Extremely heat temperatures stretch out the badminton strings, which can decrease the tension, which leads to a sub-optimal playing experience. Even if the temperature cools back towards room temperature, the strings will not return completely back to its original tension, as the molecules within the string have been permanently altered by the extreme temperature. As such, avoid storing your rackets in the trunk of a car if you live in a geography that is especially hot – temperatures within cars can sometimes be 40-60ºF higher in the car than outside on a sunny day with no air circulation. Additionally, you would want to avoid storing your rackets near a heater or vent within your house.
Extremely cold temperatures harden the badminton strings and make them brittle, which are more prone to breaking. If you are traveling from a cold location to your badminton gym, a bit of patience may be your best bet to preventing the brittleness from compromising your badminton strings. Take a moment to allow the strings to thaw and warm up within your badminton facility instead of jumping straight into playing with them on court. In terms of storage, avoid storing your rackets inside the trunk of your car if you live in a particular cold geography, as well as not on the floor of your garage or basement as they tend to be particularly cooler than the rest of your house.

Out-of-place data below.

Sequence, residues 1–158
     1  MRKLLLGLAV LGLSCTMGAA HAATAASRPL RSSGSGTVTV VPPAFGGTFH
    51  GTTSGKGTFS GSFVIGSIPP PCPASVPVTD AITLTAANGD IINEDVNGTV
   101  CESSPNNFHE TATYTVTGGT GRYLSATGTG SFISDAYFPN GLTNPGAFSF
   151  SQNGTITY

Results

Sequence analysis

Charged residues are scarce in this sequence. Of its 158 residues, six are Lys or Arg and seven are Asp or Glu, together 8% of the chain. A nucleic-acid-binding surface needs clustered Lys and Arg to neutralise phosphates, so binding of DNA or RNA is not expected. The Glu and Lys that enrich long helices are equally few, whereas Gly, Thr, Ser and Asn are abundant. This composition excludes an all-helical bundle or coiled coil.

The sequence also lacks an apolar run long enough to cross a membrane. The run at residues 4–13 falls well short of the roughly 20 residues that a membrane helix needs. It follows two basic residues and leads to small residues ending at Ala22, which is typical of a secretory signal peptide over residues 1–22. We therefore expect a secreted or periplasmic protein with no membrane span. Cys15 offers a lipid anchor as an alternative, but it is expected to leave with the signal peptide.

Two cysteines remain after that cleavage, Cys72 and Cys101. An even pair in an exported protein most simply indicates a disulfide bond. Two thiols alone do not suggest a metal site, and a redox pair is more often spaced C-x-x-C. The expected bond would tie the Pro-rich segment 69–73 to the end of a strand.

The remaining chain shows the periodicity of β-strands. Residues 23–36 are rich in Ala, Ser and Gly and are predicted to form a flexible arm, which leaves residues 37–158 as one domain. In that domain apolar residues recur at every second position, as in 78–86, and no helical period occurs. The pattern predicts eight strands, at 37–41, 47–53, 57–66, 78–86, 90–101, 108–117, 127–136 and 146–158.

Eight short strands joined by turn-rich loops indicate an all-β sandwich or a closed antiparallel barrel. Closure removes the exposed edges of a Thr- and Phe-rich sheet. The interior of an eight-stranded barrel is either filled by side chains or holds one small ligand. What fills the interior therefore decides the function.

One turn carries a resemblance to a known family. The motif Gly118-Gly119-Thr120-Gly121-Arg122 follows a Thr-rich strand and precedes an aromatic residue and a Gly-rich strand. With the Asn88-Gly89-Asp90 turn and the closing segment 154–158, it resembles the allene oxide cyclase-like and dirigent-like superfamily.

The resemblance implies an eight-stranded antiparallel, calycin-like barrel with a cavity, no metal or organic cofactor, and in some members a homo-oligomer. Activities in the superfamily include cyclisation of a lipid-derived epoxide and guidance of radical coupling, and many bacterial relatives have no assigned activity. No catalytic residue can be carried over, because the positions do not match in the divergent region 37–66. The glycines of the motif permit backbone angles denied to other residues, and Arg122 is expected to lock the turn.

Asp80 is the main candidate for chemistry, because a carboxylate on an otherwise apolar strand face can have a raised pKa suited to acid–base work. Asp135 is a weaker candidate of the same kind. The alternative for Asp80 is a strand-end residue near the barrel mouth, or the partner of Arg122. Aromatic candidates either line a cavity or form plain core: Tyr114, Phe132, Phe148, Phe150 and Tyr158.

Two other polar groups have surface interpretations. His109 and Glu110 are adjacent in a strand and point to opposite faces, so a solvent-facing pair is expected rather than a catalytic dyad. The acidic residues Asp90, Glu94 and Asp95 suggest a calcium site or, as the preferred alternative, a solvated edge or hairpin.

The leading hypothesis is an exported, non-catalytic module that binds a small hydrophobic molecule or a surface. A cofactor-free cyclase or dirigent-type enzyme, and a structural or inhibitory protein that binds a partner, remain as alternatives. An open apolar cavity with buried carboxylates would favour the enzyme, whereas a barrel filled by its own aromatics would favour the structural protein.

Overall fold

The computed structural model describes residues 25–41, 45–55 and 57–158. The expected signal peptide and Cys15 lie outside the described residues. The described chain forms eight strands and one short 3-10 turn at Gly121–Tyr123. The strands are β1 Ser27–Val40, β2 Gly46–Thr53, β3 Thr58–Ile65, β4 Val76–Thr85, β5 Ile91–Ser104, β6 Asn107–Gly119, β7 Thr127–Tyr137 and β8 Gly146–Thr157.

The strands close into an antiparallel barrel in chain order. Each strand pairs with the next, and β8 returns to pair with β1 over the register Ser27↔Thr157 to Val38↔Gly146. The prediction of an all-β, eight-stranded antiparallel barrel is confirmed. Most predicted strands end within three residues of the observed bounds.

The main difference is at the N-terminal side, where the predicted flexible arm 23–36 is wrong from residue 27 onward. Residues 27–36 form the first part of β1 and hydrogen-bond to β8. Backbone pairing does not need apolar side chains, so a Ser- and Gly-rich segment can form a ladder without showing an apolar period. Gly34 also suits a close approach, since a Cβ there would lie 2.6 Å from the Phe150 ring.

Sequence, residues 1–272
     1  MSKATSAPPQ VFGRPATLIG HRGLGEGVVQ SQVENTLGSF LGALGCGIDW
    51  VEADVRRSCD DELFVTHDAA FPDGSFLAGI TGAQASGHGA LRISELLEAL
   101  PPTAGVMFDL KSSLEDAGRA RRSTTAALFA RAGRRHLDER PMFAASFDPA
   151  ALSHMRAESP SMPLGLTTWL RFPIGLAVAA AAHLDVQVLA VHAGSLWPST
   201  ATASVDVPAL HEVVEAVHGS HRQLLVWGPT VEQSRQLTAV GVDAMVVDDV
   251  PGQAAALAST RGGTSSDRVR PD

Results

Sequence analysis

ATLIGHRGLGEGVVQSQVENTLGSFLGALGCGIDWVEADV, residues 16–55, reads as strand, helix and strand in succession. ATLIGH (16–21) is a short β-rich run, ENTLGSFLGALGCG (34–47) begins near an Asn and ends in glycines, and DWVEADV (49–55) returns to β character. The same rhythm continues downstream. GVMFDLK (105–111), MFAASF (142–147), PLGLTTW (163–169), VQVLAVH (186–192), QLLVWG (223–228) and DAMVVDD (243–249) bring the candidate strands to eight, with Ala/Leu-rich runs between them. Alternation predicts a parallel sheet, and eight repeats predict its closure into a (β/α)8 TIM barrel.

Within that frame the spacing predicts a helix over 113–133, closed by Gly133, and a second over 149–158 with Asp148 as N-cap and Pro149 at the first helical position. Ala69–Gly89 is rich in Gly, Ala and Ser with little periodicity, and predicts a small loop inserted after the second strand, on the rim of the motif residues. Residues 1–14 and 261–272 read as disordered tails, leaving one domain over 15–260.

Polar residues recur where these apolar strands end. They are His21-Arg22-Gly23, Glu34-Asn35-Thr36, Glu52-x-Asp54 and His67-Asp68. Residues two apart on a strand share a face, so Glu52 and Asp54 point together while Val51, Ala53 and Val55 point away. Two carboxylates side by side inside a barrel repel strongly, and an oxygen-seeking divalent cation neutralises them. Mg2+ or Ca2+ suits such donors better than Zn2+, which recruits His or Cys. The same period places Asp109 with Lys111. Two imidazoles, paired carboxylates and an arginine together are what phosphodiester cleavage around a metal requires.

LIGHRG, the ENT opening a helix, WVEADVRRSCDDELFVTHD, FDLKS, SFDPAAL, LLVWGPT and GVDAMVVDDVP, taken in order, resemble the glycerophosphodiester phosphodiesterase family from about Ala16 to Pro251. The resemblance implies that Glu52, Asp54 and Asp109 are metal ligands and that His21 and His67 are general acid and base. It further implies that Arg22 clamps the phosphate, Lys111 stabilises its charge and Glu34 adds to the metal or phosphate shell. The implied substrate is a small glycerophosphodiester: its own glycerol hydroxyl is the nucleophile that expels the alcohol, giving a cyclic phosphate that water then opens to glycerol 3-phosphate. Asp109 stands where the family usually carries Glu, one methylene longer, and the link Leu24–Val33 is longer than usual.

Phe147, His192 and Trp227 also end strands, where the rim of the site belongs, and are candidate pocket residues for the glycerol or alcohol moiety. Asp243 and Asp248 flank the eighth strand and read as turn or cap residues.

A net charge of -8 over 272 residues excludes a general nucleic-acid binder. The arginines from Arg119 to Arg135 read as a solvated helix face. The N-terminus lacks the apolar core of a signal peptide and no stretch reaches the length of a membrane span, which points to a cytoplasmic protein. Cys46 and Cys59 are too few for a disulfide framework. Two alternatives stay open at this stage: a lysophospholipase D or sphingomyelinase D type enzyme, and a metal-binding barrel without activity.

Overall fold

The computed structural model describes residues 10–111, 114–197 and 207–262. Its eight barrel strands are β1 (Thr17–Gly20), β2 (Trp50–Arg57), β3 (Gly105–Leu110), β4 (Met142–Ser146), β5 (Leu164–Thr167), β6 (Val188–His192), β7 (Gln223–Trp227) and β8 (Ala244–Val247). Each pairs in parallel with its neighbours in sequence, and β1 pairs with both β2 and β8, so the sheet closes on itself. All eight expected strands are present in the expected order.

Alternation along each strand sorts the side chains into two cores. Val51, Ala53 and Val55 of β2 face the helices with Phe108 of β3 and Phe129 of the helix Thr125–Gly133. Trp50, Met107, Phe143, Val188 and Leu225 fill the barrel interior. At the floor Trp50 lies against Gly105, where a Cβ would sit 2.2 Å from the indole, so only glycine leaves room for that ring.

Our overall recommendation would be to store your rackets within individual racket sleeves to keep them cushioned and in a temperate state. Furthermore, top badminton manufacturers have developed special technology within their badminton bags that specifically deals with providing protection against temperature changes. Yonex offers the Thermo Guard attribute within its two top end bags – the Pro Racquet Bag (9 PCS) and Pro Racquet Bag (12 PCS). Victor on the other hand, offers a thermo compartment in multiple of their badminton bags such as the Victor BR-9609CD Racket Bag.
2. Keeping the strings away from sharp or hard objects. Badminton players tend to carry all of their badminton material within a single carrying vessel, namely a badminton bag or backpack. The biggest risk for badminton strings to break is rubbing against sharp or hard objects such as keys or even cellphones. The simple fix here would be to separate your rackets from the rest of your personal belongings and equipment by means of dedicating a single compartment of your badminton bag to your rackets, in addition to individually containing each racket within its own racket sleeve.